In 2009 the Saint Cecilia Cathedral Choir, under the direction of Marie Rubis Bauer, celebrated its 150th Anniversary, having been established at the time of the founding of the Cathedral in 1859. The forming of a choir that could sing the Solemn High Mass was a requirement for the establishment of a Cathedral, the Mother Church of a diocese and the Bishop’s Church. Today’s Cathedral Choir aspires to the high quality performance of the Church’s vast and rich treasury of Sacred Liturgical literature spanning more than 10 centuries, including the study and performance of the Church’s core repertoire, Gregorian Chant. The Cathedral Choir consists of mature youth and adults from all walks of life who gather weekly for sung Liturgy of the Hours – the Church’s official universal daily prayer, and for rehearsal culminating in Sunday 9:30 a.m. solemn liturgies of the Cathedral from October through Pentecost. In addition, the Cathedral Choir serves as the core of the Archdiocesan Chorale for Episcopal liturgies with the Archbishop of Omaha. The unique character of an intergenerational choir places youth and adults together in the communal setting – engaging all in “formation for lifelong praise of God.” Every year, the Cathedral Choir sings Requiems by major composers at the Solemnity of All Souls concerts. Additional performances include Saint Cecilia Day concerts and Christmas Eve preludes. Prospective members are encourage to contact Dr. Rubis Bauer during the joining seasons, which usually run in late summer/early fall and after Christmas.
Members of the Schola Caeciliana are selected through audition and serve as section leaders of the Cathedral Choir. The Schola Caeciliana specializes in Renaissance Polyphony and close harmony. Committed to teaching and making excellent music, many of its members serve as music educators in the Omaha Public and Catholic school systems.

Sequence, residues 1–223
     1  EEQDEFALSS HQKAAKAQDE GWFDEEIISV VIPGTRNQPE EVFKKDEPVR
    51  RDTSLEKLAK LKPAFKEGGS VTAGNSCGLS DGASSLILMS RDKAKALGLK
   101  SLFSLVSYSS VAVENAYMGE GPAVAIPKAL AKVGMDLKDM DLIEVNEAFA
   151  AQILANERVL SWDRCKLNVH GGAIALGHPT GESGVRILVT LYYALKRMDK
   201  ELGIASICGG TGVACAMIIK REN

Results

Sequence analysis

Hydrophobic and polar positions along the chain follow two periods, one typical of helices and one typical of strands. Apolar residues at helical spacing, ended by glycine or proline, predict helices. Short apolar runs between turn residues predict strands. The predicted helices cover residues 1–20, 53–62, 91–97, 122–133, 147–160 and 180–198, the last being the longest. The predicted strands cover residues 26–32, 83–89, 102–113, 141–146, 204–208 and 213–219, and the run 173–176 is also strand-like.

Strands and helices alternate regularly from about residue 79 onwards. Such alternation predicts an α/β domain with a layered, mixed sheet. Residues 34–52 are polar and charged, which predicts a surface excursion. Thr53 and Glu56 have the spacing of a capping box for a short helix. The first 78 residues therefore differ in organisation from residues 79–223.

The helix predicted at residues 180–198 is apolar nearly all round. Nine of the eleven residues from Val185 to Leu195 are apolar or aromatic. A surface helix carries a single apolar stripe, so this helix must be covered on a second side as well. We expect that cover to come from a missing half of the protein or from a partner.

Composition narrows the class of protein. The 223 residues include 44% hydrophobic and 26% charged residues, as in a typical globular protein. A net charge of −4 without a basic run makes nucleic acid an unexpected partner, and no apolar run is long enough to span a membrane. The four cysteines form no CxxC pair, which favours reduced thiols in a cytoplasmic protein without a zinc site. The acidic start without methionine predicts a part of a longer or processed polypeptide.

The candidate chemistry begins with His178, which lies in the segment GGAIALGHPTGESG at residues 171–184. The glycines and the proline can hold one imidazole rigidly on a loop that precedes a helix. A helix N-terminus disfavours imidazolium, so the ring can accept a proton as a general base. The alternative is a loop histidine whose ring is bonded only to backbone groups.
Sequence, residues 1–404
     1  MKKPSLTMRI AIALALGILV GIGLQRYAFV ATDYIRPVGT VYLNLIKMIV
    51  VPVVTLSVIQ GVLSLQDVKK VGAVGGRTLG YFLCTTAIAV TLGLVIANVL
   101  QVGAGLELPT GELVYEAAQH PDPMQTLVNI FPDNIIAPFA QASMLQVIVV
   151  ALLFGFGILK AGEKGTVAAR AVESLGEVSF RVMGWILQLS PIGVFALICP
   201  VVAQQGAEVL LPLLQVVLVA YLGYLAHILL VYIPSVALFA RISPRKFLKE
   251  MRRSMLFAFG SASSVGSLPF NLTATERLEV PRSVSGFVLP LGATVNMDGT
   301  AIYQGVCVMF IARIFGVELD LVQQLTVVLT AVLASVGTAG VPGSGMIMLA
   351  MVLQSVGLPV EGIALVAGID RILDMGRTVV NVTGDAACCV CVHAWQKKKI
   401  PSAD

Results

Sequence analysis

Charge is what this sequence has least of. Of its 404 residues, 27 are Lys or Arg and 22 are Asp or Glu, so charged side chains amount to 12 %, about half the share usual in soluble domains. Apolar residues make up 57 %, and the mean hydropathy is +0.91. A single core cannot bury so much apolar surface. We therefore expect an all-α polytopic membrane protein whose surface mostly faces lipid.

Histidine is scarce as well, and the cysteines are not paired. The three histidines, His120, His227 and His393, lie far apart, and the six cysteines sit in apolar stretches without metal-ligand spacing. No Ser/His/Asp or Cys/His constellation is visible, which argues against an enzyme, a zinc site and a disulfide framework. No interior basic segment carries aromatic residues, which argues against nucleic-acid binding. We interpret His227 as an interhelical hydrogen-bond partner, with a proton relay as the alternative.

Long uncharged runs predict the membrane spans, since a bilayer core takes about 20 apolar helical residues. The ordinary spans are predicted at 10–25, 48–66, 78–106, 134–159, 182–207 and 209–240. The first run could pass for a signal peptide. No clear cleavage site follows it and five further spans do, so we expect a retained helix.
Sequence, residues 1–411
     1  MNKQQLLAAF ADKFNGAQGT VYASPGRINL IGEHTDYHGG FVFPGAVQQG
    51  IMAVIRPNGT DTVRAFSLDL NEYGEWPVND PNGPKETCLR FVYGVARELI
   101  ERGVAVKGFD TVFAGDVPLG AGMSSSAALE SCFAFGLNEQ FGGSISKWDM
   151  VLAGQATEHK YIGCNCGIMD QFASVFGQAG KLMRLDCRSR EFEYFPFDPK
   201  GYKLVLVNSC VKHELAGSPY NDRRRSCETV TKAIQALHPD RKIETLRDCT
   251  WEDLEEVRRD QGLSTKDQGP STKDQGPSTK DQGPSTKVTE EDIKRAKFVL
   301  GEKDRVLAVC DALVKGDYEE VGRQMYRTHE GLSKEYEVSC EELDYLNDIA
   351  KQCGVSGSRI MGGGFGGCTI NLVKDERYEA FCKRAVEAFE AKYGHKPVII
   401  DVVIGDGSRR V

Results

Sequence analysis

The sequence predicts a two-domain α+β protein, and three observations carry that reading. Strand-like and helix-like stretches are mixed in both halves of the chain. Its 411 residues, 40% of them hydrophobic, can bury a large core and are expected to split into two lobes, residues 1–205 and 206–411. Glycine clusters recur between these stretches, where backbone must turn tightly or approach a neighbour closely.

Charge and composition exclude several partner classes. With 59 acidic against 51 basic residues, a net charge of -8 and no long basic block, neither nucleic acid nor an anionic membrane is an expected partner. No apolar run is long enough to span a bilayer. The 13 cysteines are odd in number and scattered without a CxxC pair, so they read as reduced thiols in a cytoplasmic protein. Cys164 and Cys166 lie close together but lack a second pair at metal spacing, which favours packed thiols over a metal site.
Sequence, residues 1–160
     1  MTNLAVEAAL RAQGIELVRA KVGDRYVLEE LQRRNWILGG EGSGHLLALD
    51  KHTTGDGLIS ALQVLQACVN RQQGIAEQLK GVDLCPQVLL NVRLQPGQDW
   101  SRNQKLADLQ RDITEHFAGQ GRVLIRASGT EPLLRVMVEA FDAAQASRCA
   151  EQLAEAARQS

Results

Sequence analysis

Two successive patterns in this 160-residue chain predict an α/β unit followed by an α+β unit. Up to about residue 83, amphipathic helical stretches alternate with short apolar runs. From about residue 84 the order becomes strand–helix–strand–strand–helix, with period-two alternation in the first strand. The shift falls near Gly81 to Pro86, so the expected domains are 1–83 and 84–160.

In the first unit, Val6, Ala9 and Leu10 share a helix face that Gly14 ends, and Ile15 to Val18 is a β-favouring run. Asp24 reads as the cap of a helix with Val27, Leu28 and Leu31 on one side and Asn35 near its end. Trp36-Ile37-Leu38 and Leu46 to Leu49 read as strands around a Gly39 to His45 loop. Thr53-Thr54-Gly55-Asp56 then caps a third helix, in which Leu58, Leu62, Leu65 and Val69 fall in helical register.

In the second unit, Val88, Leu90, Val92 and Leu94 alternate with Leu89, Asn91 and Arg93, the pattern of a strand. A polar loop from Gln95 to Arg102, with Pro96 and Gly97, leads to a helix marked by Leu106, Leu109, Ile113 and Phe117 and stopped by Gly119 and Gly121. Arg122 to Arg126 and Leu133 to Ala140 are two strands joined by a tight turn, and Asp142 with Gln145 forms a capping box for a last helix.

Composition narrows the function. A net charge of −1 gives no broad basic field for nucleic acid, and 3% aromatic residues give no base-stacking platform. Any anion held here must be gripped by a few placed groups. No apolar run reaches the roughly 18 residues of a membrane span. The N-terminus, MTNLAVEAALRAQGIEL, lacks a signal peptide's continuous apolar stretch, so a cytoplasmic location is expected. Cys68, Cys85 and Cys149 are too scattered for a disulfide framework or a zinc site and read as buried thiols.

The Chorus Angelorum (the Choir of the Angels), which derives its name from the text of the Requiem Mass, serves funerals at the Saint Cecilia Cathedral. The Chorus Angelorum sings the Latin chants of the Requiem Mass, simple Psalmody, and liturgical selections for the Rite of Christian Burial as the core repertoire. Comprised of members who are available during weekday morning liturgies, the group gathers ad hoc. Contact Dr. Rubis Bauer for more information.
The cantor leads the congregational singing in Liturgy to raise the voice in praise of God. Singing the proper chants of the celebration, the Cantor also serves as the Psalmist, proclaiming the word of God. At Saint Cecilia Cathedral, cantors reflect the diverse background of our congregation, some with advanced music training and others without, but all share love of service to the Liturgy and are formed through participation in the Choir. Contact Dr. Rubis Bauer for more information.
Children grades 4 and up from Saint Cecilia Cathedral Parish and Elementary School join with singers from other parishes throughout the Archdiocese of Omaha to sing in the Archdiocesan Youth Choir whose mission serves liturgies both at the Saint Cecilia Cathedral and throughout the metro area. Consisting of an auditioned advanced choir – The Magnificat Treble Choir and the training choir Boy / Girl Choristers, the AYC focuses on formation for worship leadership, singing, and musical skills. This is accomplished through the curriculum of Voice for Life. To join, contact Karen Johnson.